In composition the DS was brilliant. Games could play with the design, using the double-stacked screens in all kinds of interesting ways. You could have a pinball machine that stretched across both sides. You could have a platformer where things coming at the player from the top had to be dodged at the bottom. Hell, there were some games that turned the device on its side and moves the stretched action horizontally across the screens. There were even games that tried to make the experience two-player capable, giving each player a screen against each other. It was weird and all possible because of those two screens.
Now, sure, plenty of games simply focused the action on one screen and used the other screen (usually the lower screen which was also touch-capable) for its menus. But even then that was a nice boon. At a glance you could change gear in an RPG or select options in an action game without even having to pause. The Castlevania games got a lot out of letting you have a map up all the time, making navigation so much easier as you played through those sprawling titles. Certainly these weren't experiences that pushed the bounds of what a game could do but it was certainly lovely and convenient, and that does a long way to improving the experience.
Nintendo, for their part, tried to show all the things the system could do, leading on innovation with concepts no one else really cared to follow. The Legends of Zelda: The Phantom Hourglass (and its sequel, The Spirit Tracks) took the design style of The Wind Waker and applied it to a game where all your controls were done on the touch screen, creating an experience that didn't really control like any Legend of ZeldaCreated by Nintendo in 1986, the original Legend of Zelda game presented players with a open world to explore, packed with dungeons and monsters all ready to kill them at a moment's notice. The mix of adventure and action game play created a winning game and launched not only a successful series but an entirely new video game genre. game you knew, but still was quite innovative. There were Kirby and Yoshi games that required touching the screen to draw objects and navigate worlds. Nintendo wanted you to embrace the touch screen. Some companies did while others ignored what it could do.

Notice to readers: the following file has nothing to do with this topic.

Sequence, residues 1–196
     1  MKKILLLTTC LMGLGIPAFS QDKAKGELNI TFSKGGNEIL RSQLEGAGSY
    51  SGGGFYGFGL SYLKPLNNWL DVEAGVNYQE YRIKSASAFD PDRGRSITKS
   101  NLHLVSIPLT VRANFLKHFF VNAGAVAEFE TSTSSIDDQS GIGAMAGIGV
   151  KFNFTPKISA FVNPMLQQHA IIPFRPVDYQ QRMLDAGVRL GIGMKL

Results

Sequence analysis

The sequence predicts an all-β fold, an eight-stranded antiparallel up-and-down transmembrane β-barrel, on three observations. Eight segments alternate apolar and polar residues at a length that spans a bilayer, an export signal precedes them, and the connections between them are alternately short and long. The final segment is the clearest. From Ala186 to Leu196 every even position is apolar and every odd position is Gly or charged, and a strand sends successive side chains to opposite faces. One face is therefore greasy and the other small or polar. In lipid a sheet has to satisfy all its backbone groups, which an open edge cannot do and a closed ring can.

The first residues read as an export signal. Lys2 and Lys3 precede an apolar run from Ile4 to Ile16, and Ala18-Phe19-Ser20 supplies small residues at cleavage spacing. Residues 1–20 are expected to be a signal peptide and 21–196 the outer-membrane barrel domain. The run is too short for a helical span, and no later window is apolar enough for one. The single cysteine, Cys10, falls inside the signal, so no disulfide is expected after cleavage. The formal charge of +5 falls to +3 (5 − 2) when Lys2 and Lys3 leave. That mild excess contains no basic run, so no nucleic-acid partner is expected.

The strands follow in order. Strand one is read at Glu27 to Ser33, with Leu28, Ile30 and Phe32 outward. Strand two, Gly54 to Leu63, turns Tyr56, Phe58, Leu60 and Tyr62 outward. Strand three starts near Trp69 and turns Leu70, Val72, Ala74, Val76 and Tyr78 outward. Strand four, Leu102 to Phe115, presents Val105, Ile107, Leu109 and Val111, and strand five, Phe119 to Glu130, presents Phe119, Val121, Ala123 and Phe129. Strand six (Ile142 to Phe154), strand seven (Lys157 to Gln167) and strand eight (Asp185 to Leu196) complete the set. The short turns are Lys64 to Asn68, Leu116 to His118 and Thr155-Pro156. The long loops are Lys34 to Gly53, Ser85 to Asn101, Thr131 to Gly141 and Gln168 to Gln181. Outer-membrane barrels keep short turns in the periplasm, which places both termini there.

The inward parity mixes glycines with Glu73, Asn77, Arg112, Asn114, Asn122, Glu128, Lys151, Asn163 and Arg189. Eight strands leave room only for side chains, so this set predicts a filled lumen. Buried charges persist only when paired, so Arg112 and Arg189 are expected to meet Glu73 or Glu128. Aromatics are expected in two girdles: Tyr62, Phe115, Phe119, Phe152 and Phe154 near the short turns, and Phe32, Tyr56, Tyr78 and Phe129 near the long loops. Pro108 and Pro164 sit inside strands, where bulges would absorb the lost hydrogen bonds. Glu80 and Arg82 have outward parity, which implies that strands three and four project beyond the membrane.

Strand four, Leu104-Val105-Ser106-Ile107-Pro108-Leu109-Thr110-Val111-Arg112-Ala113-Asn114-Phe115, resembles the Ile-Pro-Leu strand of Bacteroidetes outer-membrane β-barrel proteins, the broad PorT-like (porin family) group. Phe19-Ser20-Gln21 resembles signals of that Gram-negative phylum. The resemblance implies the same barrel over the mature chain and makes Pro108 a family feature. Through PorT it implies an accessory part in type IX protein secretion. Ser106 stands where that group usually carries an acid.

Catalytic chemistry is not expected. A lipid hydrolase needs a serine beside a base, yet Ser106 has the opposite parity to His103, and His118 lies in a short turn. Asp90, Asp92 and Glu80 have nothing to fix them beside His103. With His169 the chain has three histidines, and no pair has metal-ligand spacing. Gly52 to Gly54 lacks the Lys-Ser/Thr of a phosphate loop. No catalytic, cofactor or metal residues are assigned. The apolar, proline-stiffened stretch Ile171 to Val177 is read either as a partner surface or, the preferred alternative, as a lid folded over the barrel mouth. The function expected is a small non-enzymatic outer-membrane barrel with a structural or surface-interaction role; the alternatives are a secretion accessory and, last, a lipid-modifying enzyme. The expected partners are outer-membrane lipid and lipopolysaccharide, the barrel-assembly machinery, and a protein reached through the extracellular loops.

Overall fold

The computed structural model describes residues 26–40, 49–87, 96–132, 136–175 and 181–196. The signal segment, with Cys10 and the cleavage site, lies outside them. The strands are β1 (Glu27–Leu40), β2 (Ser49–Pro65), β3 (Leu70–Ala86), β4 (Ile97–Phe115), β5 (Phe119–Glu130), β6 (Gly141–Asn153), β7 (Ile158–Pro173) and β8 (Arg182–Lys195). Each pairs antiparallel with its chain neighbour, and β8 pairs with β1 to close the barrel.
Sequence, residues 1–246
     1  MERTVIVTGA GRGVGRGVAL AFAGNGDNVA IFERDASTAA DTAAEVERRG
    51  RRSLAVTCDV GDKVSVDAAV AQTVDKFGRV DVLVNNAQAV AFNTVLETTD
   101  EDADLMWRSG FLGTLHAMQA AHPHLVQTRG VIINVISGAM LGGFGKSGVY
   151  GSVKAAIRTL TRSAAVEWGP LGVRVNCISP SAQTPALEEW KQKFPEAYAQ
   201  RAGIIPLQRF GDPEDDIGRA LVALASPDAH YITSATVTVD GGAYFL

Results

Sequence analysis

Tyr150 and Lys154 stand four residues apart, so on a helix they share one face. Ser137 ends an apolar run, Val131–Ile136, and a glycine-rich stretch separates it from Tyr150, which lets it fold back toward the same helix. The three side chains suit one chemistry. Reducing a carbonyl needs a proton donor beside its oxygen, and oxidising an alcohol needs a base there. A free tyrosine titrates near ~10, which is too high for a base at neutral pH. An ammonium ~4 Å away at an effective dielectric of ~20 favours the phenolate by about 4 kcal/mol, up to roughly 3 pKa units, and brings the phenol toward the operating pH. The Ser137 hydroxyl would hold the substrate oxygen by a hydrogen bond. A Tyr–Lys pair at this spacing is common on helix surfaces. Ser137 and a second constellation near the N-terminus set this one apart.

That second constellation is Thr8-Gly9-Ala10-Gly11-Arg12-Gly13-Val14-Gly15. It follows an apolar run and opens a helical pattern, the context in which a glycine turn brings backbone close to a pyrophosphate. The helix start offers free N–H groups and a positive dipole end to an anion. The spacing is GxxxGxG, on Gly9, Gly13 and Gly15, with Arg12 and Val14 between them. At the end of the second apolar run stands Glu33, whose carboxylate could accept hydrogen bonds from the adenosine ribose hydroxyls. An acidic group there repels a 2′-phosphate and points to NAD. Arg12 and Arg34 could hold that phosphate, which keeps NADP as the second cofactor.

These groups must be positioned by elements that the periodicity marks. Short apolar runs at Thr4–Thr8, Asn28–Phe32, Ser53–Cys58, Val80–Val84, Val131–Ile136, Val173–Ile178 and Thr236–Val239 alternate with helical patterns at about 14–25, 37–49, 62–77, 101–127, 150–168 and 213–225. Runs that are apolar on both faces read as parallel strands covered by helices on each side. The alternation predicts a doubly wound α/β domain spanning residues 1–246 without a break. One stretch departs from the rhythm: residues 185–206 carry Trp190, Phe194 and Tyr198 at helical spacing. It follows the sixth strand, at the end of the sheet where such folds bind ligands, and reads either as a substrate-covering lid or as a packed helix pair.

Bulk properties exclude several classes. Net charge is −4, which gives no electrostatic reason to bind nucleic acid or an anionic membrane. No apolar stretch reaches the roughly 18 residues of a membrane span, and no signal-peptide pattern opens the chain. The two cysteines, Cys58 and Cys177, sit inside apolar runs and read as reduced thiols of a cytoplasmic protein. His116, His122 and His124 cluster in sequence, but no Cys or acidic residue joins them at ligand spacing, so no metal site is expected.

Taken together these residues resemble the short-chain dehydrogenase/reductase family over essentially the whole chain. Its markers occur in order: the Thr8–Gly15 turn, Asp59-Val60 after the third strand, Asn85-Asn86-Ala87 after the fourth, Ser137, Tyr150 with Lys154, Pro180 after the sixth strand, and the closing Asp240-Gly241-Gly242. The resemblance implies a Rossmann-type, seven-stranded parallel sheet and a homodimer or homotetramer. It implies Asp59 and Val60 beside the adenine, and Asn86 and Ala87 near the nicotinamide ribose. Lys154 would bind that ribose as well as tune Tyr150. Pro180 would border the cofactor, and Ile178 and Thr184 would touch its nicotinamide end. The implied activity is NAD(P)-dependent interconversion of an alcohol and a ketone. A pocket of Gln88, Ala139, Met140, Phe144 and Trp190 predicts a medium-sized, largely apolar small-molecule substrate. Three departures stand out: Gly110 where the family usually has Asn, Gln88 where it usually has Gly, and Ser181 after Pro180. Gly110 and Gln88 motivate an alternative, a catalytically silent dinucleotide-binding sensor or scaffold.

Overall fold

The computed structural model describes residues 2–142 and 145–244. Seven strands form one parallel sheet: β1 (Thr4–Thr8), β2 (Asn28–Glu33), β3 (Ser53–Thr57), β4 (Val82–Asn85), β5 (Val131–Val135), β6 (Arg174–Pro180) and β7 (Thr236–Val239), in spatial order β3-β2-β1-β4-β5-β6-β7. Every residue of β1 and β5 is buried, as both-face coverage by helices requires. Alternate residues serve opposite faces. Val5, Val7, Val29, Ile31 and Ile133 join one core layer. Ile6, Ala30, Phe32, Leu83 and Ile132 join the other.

Over time it is fair to say that the touch screen mostly evolved into a glorified menu system, when the touch controls were used at all. Castlevania: Dawn of Sorrow made a big deal out of having touch events, like magic seals needed to lock away bosses, and bricks that you had to break with the touch controls. The next game on the DS, Portrait of Ruin abandoned touch controls in the main campaign entirely because people hated them. Touch showed a way that games could be controlled more intuitively, but Nintendo hadn't quite hit the mark yes on how to do that in a way gamers would enjoy. It would take the Wii to really show that potential properly.
Still, Nintendo wanted to innovate and create new experiences and the DS embraced that. Not ever aspect of it resounded with gamers, but that didn't stop the system from being a success. It was a massive hit when it came out, selling 500,000 units its first week of launch, 2.8 Mil units its first year, and then 6.5 Million units the year after. By the time it was finally retired, with its own sequel (the Nintendo 3DS) the console had sold over 154 Mil units across its various types (DS, DS Lite, DSi, and DSi XL), making it the most successful handheld console ever, and the second best selling console in general (behind only the PlayStation 2 at 155 Mil units).
Considering Nintendo's initial reticence it's pretty impressive that the console went on to be such a smashing success. As the memes said, it was Nintendo's way of printing money. The Game Boy line was quietly ended, the reign of the DS began, and the world had an incredible line of consoles for another decade. Nintendo, as we noted, simply can't be beaten in the portable space.